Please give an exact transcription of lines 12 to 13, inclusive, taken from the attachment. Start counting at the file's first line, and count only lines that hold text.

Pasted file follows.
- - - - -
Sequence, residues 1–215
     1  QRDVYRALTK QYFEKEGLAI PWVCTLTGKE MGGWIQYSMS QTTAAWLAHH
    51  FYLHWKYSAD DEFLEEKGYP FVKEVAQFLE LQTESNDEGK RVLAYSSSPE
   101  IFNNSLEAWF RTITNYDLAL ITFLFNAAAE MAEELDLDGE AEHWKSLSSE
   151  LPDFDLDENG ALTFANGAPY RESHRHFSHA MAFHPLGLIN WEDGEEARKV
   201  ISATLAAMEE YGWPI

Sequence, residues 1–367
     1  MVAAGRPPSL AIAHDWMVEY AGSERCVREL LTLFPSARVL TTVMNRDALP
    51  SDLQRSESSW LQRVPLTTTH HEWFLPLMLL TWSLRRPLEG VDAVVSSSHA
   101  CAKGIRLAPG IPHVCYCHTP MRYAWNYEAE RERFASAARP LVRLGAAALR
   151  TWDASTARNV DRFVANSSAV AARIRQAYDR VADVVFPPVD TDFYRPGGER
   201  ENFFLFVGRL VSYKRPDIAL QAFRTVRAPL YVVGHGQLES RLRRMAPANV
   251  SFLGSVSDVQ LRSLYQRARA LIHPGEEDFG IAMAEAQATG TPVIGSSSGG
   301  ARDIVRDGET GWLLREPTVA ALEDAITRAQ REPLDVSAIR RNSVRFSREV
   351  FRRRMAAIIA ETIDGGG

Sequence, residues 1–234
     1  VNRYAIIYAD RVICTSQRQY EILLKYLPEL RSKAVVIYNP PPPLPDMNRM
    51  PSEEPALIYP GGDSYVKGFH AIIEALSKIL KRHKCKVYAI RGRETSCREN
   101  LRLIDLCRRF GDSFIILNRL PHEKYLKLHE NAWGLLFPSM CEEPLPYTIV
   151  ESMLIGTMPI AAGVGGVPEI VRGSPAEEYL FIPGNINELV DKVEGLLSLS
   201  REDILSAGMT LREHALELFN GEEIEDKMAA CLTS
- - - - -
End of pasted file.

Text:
   201  ENFFLFVGRL VSYKRPDIAL QAFRTVRAPL YVVGHGQLES RLRRMAPANV
   251  SFLGSVSDVQ LRSLYQRARA LIHPGEEDFG IAMAEAQATG TPVIGSSSGG